Arrive co-founder talks combining aging cell biology, drug screening and deep learning technology in the quest to discover novel antiaging targets.
Silicon Valley and Singapore-based startup Arrive is on a mission to develop therapies for age-related diseases, and has developed a powerful deep learning discovery platform that has already been validated by major pharma companies, including Roche. The company recently appointed former Gilead Sciences VP Anuj Gaggar as its CEO, and is gearing up for a Series A funding round in the new year.
Longevity.Technology: Arrive is a little different from other early stage companies in the longevity field, in that it’s already generating revenue by offering its AI platform as a service to partners such as Roche. We caught up with Arrive’s co-founder and head of biology Andrew Brack to find out more about this interesting new AI player in longevity.
Brack is a UCSF professor with a particular interest in cellular biology and skeletal muscle regeneration. He has also worked in the labs of notable scientists in the aging field, including Stanford’s Tom Rando and Simon Hughes at King’s College London.
Following an introduction to Stanford researcher and AI specialist Evan Szu, who wanted to build an AI company with a focus on age-related drug discovery, Brack decided to join the venture as its head of biology and so Arrive was born.
“The great thing was, I realised that the AI people involved all knew each other,” he says. “They had long connections going back to college, they’ve all started companies before, so this was a risk minimizer for me.”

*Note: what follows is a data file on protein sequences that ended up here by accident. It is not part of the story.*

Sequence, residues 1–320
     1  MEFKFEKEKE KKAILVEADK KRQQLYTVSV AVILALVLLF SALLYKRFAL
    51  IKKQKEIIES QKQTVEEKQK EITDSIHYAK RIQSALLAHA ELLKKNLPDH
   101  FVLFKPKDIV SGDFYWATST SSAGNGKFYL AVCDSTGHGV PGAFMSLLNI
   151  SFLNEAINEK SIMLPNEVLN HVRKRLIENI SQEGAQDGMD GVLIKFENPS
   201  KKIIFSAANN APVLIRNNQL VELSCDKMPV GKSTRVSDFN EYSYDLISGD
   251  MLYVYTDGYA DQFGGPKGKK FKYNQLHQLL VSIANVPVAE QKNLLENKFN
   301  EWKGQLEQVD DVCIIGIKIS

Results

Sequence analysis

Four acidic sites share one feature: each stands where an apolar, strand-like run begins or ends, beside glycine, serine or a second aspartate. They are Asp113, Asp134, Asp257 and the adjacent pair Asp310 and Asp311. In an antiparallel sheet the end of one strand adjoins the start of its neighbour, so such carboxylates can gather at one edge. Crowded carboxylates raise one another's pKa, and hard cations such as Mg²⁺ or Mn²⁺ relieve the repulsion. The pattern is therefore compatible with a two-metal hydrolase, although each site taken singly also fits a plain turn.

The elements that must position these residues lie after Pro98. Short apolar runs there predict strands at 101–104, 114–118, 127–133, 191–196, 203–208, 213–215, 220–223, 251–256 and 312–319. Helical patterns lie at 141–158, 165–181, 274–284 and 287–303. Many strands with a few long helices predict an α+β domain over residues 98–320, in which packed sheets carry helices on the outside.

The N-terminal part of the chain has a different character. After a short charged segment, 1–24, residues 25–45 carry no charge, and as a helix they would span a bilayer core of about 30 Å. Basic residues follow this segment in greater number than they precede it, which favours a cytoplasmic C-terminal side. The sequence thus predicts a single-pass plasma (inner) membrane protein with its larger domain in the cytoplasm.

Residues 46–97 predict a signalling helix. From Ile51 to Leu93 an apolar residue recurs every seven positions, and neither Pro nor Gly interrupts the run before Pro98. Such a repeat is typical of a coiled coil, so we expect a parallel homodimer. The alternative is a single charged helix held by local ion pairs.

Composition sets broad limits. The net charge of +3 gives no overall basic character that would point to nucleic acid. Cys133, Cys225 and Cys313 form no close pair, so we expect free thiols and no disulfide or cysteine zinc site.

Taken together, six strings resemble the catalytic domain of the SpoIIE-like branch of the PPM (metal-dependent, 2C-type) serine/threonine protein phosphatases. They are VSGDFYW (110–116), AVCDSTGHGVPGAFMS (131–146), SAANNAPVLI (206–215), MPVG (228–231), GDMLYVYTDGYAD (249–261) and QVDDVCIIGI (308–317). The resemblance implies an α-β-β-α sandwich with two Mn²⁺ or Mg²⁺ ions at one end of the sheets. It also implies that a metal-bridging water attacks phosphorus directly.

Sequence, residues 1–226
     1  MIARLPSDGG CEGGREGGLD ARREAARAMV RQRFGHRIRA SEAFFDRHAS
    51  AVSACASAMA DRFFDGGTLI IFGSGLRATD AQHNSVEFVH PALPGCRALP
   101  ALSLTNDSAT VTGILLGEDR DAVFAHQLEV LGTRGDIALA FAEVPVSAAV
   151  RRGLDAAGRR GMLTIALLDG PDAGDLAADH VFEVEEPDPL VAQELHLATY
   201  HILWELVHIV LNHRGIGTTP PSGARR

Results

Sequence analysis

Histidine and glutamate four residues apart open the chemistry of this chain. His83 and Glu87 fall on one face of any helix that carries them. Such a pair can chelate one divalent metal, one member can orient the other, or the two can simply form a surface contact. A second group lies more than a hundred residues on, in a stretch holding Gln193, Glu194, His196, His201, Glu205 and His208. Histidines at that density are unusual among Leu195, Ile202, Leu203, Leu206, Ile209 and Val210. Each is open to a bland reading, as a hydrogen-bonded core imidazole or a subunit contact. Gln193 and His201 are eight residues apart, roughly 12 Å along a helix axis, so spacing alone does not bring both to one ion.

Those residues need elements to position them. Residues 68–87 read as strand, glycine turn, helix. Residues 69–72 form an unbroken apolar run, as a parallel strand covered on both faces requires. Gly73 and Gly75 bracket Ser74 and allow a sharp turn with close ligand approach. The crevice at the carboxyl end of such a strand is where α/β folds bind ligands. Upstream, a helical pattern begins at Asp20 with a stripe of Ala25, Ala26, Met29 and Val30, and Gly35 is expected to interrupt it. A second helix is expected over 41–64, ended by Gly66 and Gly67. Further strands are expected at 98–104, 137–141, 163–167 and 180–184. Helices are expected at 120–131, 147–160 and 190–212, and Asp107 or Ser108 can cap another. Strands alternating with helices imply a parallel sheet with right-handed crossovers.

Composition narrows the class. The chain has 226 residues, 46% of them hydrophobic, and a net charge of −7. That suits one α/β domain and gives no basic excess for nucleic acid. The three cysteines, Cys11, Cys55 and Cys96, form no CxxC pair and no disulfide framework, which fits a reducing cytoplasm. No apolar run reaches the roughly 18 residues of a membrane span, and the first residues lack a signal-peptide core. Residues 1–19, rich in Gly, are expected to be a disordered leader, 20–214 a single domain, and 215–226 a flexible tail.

One of Arrive’s early decisions was where to base its labs and machine learning team, and the company decided on Singapore as its preferred location.
“We wanted to find a place which was receptive and positive towards longevity, and the Singapore government have always been really on the front wave of technology,” says Brack. “We were able to get a large grant from them to build out our machine learning team. And they liked what we were doing, so we got further support to build the wet lab.”
Combined with the service revenue it was able to generate, the grant support meant Arrive could exist without needing to do a Seed fundraising round. The company is now self-sustaining a 15-person operation, but Brack is quick to make it clear that the company is not simply interested in maintaining the status quo. He expects the company will aim to raise a Series A in early 2022 to accelerate its progress.
Proving the AI works
Broadly, Brack describes the company’s approach as taking “proprietary aging cell data, aging tissue data and human data, and then merging that together using AI to find those connections to be able to go from one to the other.” But one of the first challenges facing the company was how to prove that its AI approach actually worked.
“Everyone is doing AI, but how do you scale it, and how do you know it works?” says Brack. “And so our approach was to get a pharma company to validate it. If we can do that, we’re generating revenue from the start, we’re proving that it works and that it’s something that big pharma can’t do – otherwise they wouldn’t be paying us.”